With two weeks to go before the end of the government of Peru’s interim president, Francisco Sagasti, the official result of the country’s fierce presidential election has not yet been announced by the electoral authorities, while allegations of alleged electoral fraud are being investigated.
The Popular Forces party, run by Peruvian presidential candidate Keiko Fujimori, will appeal against at least 15 minutes of voting by regional electoral authorities, which on Tuesday completed all the decentralized proclamations of the second round results in favor of leftist candidate Pedro Castillo.
In the final stretch of the long Peruvian electoral process, lawyer Julio César Castiglioni, a member of the Popular Force’s legal team, told the newspaper “El Comercio” that the Fujimorist group will appeal against at least 15 minutes of the Special Electoral Juries (JEE) that do not favor your candidate.
The announcement was made on the same day that the minutes of results in the regional electoral courts were completed, which had not yet been “resolved” in the system of the National Elections Jury (JNE), Peru’s national electoral body.
However, the total number of votes that must be contested comes to just 5,400, which is not enough to reverse the election result, although it could delay the winner’s proclamation and hinder the transfer of power to Castillo, according to Reuters, which heard the lawyer Julio Castiglioni.
If there are no objections, these last minutes will be accepted and forwarded to the JNE, which in this scenario expects to issue the general proclamation of results on July 19 or 20.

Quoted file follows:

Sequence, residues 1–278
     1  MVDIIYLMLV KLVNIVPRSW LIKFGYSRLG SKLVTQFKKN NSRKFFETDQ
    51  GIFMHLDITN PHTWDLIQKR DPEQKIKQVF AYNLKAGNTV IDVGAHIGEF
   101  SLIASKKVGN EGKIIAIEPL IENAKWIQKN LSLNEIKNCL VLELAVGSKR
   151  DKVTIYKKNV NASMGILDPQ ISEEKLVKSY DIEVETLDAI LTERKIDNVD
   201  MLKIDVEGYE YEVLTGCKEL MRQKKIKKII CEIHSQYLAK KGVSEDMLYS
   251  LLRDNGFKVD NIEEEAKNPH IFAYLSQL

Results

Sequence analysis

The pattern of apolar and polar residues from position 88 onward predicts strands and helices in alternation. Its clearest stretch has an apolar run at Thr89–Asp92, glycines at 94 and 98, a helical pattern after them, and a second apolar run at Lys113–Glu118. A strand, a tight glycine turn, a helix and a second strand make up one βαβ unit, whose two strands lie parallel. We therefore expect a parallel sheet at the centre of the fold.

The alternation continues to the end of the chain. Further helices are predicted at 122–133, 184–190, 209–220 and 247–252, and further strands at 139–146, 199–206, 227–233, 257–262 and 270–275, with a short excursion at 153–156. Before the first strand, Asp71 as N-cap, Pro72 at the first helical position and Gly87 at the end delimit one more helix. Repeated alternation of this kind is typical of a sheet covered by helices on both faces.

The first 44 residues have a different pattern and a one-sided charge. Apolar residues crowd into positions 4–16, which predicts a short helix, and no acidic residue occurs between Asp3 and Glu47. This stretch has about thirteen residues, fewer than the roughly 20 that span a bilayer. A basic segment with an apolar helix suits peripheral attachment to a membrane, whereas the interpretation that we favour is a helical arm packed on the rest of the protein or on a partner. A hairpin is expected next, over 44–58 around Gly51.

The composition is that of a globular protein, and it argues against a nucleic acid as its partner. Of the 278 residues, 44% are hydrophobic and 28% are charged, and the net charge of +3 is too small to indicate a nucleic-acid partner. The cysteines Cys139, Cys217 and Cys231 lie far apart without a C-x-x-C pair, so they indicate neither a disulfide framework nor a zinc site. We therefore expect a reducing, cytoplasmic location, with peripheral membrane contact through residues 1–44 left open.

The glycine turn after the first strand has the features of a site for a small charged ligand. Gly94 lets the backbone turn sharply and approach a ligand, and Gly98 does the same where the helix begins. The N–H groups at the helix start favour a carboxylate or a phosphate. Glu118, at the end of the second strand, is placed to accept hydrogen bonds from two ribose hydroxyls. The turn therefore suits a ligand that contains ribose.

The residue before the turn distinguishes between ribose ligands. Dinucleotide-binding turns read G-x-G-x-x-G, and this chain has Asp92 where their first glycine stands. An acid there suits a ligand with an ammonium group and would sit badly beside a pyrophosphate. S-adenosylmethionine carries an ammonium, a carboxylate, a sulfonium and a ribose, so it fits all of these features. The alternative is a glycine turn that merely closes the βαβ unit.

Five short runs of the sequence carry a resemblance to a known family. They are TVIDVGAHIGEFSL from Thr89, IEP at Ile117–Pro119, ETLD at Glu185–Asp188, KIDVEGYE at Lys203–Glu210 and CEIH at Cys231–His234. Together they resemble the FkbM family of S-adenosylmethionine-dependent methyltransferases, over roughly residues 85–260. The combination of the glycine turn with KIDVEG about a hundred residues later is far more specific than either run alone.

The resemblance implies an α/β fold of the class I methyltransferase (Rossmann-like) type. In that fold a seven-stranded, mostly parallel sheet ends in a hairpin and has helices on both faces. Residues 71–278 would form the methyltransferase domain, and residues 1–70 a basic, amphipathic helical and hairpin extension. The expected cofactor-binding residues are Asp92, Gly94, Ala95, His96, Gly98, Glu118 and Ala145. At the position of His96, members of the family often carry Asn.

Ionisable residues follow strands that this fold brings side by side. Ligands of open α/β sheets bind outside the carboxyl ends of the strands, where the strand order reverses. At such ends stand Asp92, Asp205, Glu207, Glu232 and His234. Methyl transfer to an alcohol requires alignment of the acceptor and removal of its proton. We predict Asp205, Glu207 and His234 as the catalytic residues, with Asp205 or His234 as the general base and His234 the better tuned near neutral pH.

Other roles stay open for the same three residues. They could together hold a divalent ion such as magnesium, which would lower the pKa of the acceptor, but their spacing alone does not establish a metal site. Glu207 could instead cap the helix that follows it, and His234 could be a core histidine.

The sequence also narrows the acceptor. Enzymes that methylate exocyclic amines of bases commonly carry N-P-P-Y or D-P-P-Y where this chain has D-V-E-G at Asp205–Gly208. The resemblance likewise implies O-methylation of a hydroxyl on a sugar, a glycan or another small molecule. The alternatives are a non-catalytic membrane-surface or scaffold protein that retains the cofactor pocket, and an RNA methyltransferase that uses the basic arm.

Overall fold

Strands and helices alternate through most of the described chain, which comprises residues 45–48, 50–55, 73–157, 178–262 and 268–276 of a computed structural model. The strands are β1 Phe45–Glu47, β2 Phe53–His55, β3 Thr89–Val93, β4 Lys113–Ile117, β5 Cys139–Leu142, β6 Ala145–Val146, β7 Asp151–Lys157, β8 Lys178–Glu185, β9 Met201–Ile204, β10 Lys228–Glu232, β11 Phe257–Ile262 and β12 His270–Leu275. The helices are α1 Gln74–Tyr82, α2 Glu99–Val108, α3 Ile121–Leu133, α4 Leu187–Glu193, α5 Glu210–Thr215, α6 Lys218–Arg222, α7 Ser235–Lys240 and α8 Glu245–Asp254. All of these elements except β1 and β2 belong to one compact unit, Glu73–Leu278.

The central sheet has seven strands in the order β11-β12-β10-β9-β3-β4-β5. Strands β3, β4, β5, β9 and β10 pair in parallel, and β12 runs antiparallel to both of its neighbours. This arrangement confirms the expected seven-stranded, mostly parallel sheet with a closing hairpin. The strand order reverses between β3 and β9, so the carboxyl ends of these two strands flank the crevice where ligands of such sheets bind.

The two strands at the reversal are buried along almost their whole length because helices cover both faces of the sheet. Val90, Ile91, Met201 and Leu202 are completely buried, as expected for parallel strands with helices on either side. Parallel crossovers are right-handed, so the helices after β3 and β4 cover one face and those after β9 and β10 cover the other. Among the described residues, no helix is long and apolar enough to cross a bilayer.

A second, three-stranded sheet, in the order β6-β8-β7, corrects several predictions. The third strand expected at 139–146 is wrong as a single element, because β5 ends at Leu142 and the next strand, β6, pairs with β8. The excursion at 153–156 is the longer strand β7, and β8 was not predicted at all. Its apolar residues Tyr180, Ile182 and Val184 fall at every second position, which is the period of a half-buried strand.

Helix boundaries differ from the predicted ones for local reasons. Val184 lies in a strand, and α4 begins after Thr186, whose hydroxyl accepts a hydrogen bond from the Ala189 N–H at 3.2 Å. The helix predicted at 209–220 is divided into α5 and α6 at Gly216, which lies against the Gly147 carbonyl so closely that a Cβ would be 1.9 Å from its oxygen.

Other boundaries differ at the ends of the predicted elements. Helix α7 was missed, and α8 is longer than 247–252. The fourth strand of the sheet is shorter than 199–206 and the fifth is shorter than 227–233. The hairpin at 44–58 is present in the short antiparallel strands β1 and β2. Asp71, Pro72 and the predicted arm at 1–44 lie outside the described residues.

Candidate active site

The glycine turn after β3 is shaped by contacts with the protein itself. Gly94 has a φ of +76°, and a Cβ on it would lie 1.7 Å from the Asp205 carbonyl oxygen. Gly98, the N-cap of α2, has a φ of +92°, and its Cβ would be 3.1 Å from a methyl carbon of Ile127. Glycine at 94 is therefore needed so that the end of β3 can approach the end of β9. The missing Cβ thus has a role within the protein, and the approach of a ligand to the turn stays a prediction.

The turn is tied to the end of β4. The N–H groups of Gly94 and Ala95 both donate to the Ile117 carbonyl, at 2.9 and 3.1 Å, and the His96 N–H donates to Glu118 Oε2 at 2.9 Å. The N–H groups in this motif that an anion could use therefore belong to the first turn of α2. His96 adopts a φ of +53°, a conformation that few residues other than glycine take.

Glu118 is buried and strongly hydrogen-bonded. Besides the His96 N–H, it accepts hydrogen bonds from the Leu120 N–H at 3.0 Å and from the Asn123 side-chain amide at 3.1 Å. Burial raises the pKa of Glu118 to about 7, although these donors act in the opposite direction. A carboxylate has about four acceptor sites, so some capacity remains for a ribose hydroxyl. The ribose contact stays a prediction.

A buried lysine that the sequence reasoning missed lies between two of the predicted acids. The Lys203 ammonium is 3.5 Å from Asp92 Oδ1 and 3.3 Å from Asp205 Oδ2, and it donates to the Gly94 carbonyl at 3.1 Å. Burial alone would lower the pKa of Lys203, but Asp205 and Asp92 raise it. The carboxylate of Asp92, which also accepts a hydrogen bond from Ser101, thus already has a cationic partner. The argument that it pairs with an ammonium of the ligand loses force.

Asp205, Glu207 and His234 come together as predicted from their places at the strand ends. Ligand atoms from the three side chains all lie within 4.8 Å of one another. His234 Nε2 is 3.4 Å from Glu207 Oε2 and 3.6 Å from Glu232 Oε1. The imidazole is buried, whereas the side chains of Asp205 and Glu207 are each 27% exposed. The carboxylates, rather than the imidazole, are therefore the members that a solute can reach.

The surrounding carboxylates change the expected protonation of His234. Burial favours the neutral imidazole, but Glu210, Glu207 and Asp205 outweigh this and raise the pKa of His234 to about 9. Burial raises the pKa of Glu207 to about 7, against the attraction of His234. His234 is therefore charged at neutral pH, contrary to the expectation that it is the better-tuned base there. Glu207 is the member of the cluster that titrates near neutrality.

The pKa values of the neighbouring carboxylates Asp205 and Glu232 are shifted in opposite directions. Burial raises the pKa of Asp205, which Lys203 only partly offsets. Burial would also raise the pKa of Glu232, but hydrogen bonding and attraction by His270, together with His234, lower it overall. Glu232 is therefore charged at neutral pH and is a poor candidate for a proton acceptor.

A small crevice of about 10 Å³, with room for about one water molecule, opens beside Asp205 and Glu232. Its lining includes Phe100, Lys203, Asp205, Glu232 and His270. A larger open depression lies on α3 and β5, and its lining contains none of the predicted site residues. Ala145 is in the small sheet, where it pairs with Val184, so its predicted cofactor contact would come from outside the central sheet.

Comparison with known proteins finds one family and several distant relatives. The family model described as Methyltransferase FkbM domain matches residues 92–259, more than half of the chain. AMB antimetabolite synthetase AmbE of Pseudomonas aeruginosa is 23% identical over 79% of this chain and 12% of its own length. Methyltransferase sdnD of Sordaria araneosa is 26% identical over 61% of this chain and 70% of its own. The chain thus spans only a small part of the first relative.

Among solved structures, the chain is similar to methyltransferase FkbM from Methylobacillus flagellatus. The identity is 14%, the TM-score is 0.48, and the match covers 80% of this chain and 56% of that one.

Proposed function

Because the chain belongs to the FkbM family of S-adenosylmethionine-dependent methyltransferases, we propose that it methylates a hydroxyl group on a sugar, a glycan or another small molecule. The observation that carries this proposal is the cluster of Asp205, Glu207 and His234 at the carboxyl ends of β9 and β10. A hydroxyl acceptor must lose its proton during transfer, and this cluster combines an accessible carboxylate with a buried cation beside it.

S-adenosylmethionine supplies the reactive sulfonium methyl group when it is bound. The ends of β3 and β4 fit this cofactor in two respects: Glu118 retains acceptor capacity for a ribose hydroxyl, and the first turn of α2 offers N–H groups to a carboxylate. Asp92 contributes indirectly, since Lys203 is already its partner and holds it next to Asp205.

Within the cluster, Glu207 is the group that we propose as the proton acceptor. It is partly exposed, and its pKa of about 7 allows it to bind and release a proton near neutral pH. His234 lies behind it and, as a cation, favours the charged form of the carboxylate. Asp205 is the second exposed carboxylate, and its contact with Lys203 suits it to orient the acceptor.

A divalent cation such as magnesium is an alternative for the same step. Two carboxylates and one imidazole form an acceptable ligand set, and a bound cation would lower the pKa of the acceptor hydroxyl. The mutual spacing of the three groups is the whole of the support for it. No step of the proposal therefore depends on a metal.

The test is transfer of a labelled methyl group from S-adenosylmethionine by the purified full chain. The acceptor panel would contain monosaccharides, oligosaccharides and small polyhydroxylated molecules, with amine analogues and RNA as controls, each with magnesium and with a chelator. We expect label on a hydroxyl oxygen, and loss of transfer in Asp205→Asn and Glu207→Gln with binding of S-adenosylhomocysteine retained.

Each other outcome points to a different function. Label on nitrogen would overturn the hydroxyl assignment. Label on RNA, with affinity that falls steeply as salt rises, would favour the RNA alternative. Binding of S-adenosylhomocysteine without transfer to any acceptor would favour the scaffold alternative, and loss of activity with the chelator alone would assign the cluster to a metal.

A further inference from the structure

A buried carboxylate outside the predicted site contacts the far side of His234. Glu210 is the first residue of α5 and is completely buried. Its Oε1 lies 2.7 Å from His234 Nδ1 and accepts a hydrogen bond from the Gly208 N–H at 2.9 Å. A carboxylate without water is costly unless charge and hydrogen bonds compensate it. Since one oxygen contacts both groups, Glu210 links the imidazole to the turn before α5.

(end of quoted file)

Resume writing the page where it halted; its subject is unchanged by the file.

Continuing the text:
However, if Força Popular presents appeals before next Friday, when the three-day period established by the electoral law expires, the proclamation of the June 6 election may be postponed to even later.
Counting down to July 28, when the transitional regime presided over by Francisco Sagasti will end, this new legal maneuver of Fujimorism, although foreseen within the normative framework, may postpone the official proclamation of who will assume command of the country.
“It’s not our problem whether the proclamation process is going to be postponed or not, it’s the problem of those who didn’t want to facilitate the clarification of the fraud issue,” Castiglioni said.
Recourses against these decentralized acts of proclamation are the last possible. At this stage, it is no longer possible to refer to issues of fingerprints or signature, but to present supposed numerical errors.
In other words, Força Popular would have to prove that the National Office of Electoral Processes (ONPE) made a numerical error and that this was noticed by the regional electoral authorities.
From the day after the poll, Keiko Fujimori claims that she was the victim of “systematic fraud” and asked for the annulment of the minutes with about 200,000 votes from rural areas, where Castillo obtained an expressive vote.
The candidate on the right did not present very strong evidence of these accusations, only alleged irregularities at the polling stations with the signatures of those responsible for them, which she presented as “identity theft” or alleged family ties between the members of the polling stations, something prohibited by law.
All these complaints were rejected in the first instance by the JEEs and then transmitted to the JNE, which last Monday concluded the process of publishing the resolutions declaring the appeals groundless.
In addition, no electoral observation body, including the Organization of American States (OAS), found evidence of fraud, while the European Union, United States, United Kingdom and Canada expressed confidence in the Peruvian electoral system and said they believed the elections were free and fair.
The daughter and political heir of former president Alberto Fujimori (1990-2000) tries to find evidence to support the alleged fraud allegation in order to reverse the election results. According to the final tally, Castillo won the second round of elections with 50.12% of the votes – or 44,000 votes more than his rival.
Despite this, Keiko has already declared that she will not accept Castillo’s promulgation as Peru’s elected president because, in the candidate’s opinion, this will “consummate the fraud”.